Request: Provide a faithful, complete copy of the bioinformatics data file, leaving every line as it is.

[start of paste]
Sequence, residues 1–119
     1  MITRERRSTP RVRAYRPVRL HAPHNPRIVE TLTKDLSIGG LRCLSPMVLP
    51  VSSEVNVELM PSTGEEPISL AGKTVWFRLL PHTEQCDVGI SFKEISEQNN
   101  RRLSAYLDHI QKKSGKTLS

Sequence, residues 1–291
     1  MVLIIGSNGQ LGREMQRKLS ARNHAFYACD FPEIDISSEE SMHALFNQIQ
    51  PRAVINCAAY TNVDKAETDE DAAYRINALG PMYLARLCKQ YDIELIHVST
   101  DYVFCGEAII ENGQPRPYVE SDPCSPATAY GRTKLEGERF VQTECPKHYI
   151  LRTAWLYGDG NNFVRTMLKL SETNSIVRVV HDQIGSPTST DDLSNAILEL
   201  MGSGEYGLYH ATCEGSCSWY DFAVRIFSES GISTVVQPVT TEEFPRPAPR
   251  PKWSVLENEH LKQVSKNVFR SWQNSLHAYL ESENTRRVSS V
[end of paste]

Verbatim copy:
Sequence, residues 1–119
     1  MITRERRSTP RVRAYRPVRL HAPHNPRIVE TLTKDLSIGG LRCLSPMVLP
    51  VSSEVNVELM PSTGEEPISL AGKTVWFRLL PHTEQCDVGI SFKEISEQNN
   101  RRLSAYLDHI QKKSGKTLS

Sequence, residues 1–291
     1  MVLIIGSNGQ LGREMQRKLS ARNHAFYACD FPEIDISSEE SMHALFNQIQ
    51  PRAVINCAAY TNVDKAETDE DAAYRINALG PMYLARLCKQ YDIELIHVST
   101  DYVFCGEAII ENGQPRPYVE SDPCSPATAY GRTKLEGERF VQTECPKHYI
   151  LRTAWLYGDG NNFVRTMLKL SETNSIVRVV HDQIGSPTST DDLSNAILEL
   201  MGSGEYGLYH ATCEGSCSWY DFAVRIFSES GISTVVQPVT TEEFPRPAPR
   251  PKWSVLENEH LKQVSKNVFR SWQNSLHAYL ESENTRRVSS V